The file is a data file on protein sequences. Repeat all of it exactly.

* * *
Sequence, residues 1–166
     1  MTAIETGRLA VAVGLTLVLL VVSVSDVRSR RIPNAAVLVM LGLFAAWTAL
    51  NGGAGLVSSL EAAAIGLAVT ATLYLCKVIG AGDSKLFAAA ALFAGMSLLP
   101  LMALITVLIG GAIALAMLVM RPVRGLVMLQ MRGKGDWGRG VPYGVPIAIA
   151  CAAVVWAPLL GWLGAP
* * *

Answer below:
Sequence, residues 1–166
     1  MTAIETGRLA VAVGLTLVLL VVSVSDVRSR RIPNAAVLVM LGLFAAWTAL
    51  NGGAGLVSSL EAAAIGLAVT ATLYLCKVIG AGDSKLFAAA ALFAGMSLLP
   101  LMALITVLIG GAIALAMLVM RPVRGLVMLQ MRGKGDWGRG VPYGVPIAIA
   151  CAAVVWAPLL GWLGAP